Stay up to date with notifications from The Independent

Notifications can be managed in browser preferences.

The Independent's journalism is supported by our readers. When you purchase through links on our site, we may earn commission.

What is the 50/30/20 budget rule and why should you follow it?

Rule was popularised by US presidential hopeful Elizabeth Warren 

Chelsea Ritschel
New York
Thursday 02 January 2020 20:53 GMT
Elizabeth Warren's 50-30-20 budget rule

When it comes to managing and budgeting your money, there are a lot of methods to choose from that can make the process work for you.

And while some methods require spreadsheets or the help of a financial planner, one rule, popularised by Senator Elizabeth Warren in her book All Your Worth: The Ultimate Lifetime Money Plan, makes budgeting simple.

The tactic, referred to as the 50/30/20 rule, teaches people how to allocate their money towards paying their various expenses in an efficient way - by breaking spending into categories.

This is what you need to know about budgeting using the 50/30/20 rule and why people still rely on the technique to this day.

What is the 50/30/20 rule?

The 50/30/20 rule is a simple plan that categorises spending into three categories: needs, wants and savings.

The first category, the 50 per cent category that comprises half of your income, is the money you make in after-tax income that must go towards paying bills such as rent or mortgage payments, insurance, utilities, minimum debt payments, car payments, groceries, transportation to work and health care.

This category is the most important, as it is the bills that you must pay each month. While this category requires half of your income, these bills should not exceed the 50 per cent mark.

The second category, which should make up 30 per cent of your after-tax income, is the wants category.

This category is for all of the things that you spend money on that are not essential, such as coffee, dining out, vacations, tickets for movies or concerts and shopping.

The wants category, which is anything that is considered optional spending, also includes TV and gym subscriptions, and nonessential upgrades to cars or tech gadgets.

The third category, made up of 20 per cent of your income, is the money that should be allocated towards savings, or money put away as part of an emergency fund, as well as investments or debt-reduction payments.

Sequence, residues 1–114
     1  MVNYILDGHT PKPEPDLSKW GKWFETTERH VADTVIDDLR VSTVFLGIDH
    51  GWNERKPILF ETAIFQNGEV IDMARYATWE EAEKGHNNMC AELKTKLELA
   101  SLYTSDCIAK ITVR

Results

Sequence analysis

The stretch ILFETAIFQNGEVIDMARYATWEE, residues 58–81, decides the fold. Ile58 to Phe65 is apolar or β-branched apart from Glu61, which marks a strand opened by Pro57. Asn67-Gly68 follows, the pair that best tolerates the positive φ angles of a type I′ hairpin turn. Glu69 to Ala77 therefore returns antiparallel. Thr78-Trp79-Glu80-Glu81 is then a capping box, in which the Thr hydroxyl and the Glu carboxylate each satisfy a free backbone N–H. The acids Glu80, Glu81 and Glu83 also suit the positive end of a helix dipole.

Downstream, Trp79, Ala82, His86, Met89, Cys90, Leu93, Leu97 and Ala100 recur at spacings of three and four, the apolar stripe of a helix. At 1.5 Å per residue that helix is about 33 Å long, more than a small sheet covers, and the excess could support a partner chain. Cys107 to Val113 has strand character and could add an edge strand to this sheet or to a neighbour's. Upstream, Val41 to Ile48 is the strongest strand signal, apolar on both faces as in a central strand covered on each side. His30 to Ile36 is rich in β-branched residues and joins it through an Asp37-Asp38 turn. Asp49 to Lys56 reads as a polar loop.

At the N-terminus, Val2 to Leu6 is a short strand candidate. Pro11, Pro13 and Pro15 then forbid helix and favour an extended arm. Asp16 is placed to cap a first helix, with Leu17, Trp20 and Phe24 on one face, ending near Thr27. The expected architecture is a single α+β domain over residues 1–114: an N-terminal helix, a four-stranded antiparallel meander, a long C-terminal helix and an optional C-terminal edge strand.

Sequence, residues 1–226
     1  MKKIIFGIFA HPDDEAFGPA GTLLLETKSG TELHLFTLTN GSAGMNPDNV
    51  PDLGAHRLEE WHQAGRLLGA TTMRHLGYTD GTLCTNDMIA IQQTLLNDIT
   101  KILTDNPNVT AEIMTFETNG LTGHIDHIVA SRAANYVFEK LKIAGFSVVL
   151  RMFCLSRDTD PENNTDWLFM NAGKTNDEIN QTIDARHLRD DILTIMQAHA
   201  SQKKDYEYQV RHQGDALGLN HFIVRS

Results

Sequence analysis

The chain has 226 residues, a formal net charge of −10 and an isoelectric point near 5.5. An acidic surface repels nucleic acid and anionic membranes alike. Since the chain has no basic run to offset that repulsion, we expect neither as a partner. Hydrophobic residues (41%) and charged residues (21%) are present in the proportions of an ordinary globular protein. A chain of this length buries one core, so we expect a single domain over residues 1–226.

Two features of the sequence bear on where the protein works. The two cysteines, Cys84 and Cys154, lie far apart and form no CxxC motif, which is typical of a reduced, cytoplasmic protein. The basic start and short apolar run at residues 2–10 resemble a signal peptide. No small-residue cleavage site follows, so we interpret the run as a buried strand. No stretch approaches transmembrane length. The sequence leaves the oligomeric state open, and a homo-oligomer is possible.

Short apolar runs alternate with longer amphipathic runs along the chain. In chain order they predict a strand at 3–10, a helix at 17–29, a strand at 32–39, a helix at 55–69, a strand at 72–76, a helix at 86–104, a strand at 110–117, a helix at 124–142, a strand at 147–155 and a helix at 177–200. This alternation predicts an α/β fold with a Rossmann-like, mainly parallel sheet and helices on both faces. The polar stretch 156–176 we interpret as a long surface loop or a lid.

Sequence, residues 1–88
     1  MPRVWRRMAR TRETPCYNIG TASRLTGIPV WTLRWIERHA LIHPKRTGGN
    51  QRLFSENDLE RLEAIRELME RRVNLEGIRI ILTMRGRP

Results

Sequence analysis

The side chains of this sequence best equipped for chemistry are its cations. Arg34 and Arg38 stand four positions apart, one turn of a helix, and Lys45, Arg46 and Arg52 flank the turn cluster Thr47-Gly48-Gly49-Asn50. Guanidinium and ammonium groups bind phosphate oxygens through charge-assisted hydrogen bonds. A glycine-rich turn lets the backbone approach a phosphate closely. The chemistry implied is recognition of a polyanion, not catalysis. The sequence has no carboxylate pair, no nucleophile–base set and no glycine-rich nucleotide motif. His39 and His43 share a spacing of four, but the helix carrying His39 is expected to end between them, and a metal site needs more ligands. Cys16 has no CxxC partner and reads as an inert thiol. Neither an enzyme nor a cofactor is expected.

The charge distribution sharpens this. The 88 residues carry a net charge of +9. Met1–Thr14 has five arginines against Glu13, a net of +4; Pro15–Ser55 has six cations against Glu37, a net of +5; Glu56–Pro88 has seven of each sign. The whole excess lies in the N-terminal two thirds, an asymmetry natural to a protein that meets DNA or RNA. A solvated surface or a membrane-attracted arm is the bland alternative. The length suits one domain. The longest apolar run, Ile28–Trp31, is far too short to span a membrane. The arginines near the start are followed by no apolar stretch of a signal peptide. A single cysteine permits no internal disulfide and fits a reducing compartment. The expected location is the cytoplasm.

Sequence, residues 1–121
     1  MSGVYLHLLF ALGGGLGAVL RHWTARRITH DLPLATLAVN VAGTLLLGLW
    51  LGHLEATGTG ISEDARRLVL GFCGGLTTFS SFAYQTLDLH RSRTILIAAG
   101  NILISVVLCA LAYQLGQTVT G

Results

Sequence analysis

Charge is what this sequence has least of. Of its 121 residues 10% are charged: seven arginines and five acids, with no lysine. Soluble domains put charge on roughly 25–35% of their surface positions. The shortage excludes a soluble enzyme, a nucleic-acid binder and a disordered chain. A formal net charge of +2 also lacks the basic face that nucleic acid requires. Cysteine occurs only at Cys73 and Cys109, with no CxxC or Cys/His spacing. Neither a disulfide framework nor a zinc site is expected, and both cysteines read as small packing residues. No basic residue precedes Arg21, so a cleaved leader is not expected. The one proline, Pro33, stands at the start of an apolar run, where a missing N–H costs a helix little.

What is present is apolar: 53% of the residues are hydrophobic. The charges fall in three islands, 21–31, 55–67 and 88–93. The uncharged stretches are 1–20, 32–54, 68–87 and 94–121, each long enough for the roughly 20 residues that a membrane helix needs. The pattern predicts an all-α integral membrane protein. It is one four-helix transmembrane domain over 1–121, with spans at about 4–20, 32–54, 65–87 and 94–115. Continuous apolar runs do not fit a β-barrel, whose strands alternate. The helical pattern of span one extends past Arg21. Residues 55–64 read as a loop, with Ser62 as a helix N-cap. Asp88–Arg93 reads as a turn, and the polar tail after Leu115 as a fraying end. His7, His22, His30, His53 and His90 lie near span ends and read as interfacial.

How do you begin following a 50/30/20 budget?

The first step in incorporating the budgeting rule is determining how much money you make each month.

After establishing how much you make after tax, you need to track your spending to see where your money is going.

Once you’ve tracked your monthly spending, you will be able to identify how much you are allocated to each of the three categories - and adjust accordingly if needed.

For example, if you find that you are having difficulty affording rent each month, it may indicate that you need to cut back in the wants category, possibly by cancelling a gym membership or streaming subscription.

If you still cannot afford your needs category after allocating 50 per cent of your income, it may mean making bigger changes, such as finding a new apartment or house that fits better into your budget.

For the budget to work, you need to stick with it, which can be easier to do if you separate your money as soon as you earn it.

Why should you follow the 50/30/20 rule?

Prior to running for president, Ms Warren worked as a bankruptcy and personal finance lawyer, before becoming a law professor at Harvard University.

In 2003, the Democratic senator and her daughter Amelia Warren Tyagi, a financial consultant, co-wrote The Two-Income Trap, which became a bestseller.

After the success of the first book, the pair co-wrote All Your Worth in 2006, which outlines steps for budgeting based on the 50/30/20 rule.

Some of the lessons in the book include the importance of focusing on the bigger picture rather than small changes, as well as the necessity of paying off what Ms Warren calls “steal-from-tomorrow debt” such as credit card debt or medical bills.

“Here’s a little secret that the other financial books won’t tell you: Savvy money managers don’t spend a lot of time looking for ways to save a few pennies,” they wrote. “They charge right ahead to the big-ticket items, looking to make high-impact changes in the shortest period of time. They don’t sweat the small stuff. And neither will we.”

Democratic debate: Elizabeth Warren and Pete Buttigieg spar over campaign funding

The book also emphasises the idea that debt is not completely the fault of the consumer, and that some blame should fall on banking systems and the finance industry.

“In today’s world, you can get a mortgage that is too big for you—and the banks will help you do it. You can get a car lease that chews up half your income. You can wind up with a student loan bigger than some home mortgages. And as sure as the sky is blue, you can rack up credit card debt without blinking an eye, even if you don’t have 50 cents to make the payments,” they wrote.

In addition to Ms Warren and her daughter’s expertise on the subject, they acknowledge in the book that the budget is not a quick-fix, but rather a method for building wealth over a period of time.

While there is some debate over whether Ms Warren is the inventor of the rule, the popularity and recognition of the 50/30/20 rule is widely attributed to the presidential hopeful.

Join our commenting forum

Join thought-provoking conversations, follow other Independent readers and see their replies


Thank you for registering

Please refresh the page or navigate to another page on the site to be automatically logged inPlease refresh your browser to be logged in